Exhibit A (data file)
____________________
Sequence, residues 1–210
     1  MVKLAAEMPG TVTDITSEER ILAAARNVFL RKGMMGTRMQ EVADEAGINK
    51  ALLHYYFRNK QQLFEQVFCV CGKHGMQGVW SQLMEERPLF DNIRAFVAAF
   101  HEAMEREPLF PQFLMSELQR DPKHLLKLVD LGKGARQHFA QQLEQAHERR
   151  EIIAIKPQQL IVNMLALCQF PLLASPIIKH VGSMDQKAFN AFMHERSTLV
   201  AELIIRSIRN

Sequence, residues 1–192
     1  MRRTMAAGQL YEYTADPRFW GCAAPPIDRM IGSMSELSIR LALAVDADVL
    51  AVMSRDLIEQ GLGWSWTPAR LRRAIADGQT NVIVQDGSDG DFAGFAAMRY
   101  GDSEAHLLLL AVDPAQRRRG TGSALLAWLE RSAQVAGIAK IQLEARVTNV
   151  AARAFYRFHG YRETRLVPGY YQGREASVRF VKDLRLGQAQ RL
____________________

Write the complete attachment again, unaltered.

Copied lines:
Sequence, residues 1–210
     1  MVKLAAEMPG TVTDITSEER ILAAARNVFL RKGMMGTRMQ EVADEAGINK
    51  ALLHYYFRNK QQLFEQVFCV CGKHGMQGVW SQLMEERPLF DNIRAFVAAF
   101  HEAMEREPLF PQFLMSELQR DPKHLLKLVD LGKGARQHFA QQLEQAHERR
   151  EIIAIKPQQL IVNMLALCQF PLLASPIIKH VGSMDQKAFN AFMHERSTLV
   201  AELIIRSIRN

Sequence, residues 1–192
     1  MRRTMAAGQL YEYTADPRFW GCAAPPIDRM IGSMSELSIR LALAVDADVL
    51  AVMSRDLIEQ GLGWSWTPAR LRRAIADGQT NVIVQDGSDG DFAGFAAMRY
   101  GDSEAHLLLL AVDPAQRRRG TGSALLAWLE RSAQVAGIAK IQLEARVTNV
   151  AARAFYRFHG YRETRLVPGY YQGREASVRF VKDLRLGQAQ RL